An insight into the stages of puppy development!

The right time to get a puppy home has a very high impact on the puppy’s behaviour on the first day at her new home or the way she looks at humans. Let’s see how.

Things that happen to a dog during her critical periods have a great impact on the dog’s life at a later stage, yet they seem totally trivial to us and we ignore them. The ages given below, the early critical periods, are a general guideline and apply to most puppies of all breeds. The ages of the later critical periods may vary depending on the dog’s size and breed. The following stages of puppy development:

Neonatal period (from birth to 12 days old): Mainly two main functions during puppy development from birth; obtaining food (nursing), and staying warm. She needs her

Delano Henriques

Delano Henriques

mother and environment to control her body temperature. She has no control over body temperature at this age. She needs physical stimulation to urinate and defecate. Her mother licks her to get her to relieve herself. No sight or hearing, her senses are not yet developed, and are deficient in her senses of taste, smell and touch. She reacts to hot and cold, and to some extent to pain, and to the smell of her mother.

Transition period (from 13 to 20 days old): The new born puppy’s eyes open at about 13 days, but can only see movement and objects from about 21 days. She will begin to crawl forward and backwards, and start walking in a wobbly fashion, a few days later. The first teeth appear at around 20 days, and she begins to bite and chew. Tail wagging also begins at this age, indicating that she is not reliant on sight or hearing, as this is still not fully developed. She begins to react to sound at about 20 days, and is startled by loud sounds, but cannot locate the source. This is a period of rapid physical changes. Over a period of a week, the puppy changes – she hears, walks, has bowel movements without stimulation, keeps warm by herself, etc.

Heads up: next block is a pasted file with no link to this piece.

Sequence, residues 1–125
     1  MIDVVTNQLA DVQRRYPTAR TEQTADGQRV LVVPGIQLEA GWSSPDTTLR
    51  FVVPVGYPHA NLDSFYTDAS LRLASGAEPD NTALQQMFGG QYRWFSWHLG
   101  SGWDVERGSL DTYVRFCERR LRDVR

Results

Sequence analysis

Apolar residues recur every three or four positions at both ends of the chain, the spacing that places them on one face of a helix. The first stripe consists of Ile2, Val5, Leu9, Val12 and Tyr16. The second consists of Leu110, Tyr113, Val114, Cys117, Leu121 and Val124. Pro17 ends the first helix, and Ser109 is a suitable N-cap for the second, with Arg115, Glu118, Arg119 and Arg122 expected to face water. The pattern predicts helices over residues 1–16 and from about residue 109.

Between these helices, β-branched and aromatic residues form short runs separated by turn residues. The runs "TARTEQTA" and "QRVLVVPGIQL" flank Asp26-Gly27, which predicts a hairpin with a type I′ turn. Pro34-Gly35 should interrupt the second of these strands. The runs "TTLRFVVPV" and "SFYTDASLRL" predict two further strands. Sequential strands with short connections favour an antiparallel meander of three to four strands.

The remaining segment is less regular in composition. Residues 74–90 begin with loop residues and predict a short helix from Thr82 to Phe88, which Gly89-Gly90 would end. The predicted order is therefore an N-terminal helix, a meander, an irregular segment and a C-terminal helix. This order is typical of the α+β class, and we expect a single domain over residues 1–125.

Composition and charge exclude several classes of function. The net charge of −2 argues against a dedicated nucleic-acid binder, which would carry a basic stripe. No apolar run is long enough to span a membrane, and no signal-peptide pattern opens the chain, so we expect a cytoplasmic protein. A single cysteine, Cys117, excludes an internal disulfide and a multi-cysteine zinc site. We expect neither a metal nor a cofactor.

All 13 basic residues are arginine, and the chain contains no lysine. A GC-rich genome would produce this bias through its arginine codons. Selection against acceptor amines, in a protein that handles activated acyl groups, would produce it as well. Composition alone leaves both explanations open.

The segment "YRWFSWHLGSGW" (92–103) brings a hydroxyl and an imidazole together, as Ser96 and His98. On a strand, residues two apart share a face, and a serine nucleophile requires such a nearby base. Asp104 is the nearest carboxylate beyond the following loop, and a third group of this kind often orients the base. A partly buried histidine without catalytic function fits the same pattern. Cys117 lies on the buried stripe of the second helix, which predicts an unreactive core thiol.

Awareness period (from 21 to 28 days old): This is the first week the pup is able to see and hear properly, this change comes so abruptly, over a period of 24 hours. Therefore the pup needs a 100 percent stable environment. Now she has the greatest need for her mother and a familiar environment. Moving the pups to a new location or weaning them during this period will psychologically scar the pups. The pup’s learning begins during this period. This is the time she learns what it is to be a dog.

Canine socialisation period (from 21 to 49 days old):  The pup now learns the species/specific behaviours that make her a dog. To reach her genetic potential, it is of utmost importance that the pup remains with her litter mates and mother throughout this period. She learns to practice body posture, facial expression, vocalising and the effects this has on her litter mates, mother and other dogs she comes into contact with. Puppies need to interact with other dogs, males and females, and not only the mother. She learns to bark and bite, and to be barked at and be bitten. She learns the real dog behaviour; chase games, greeting behaviour, fighting games, etc. This all teaches her the various body postures required to perform various actions, submissiveness, aggression, initiating play, etc.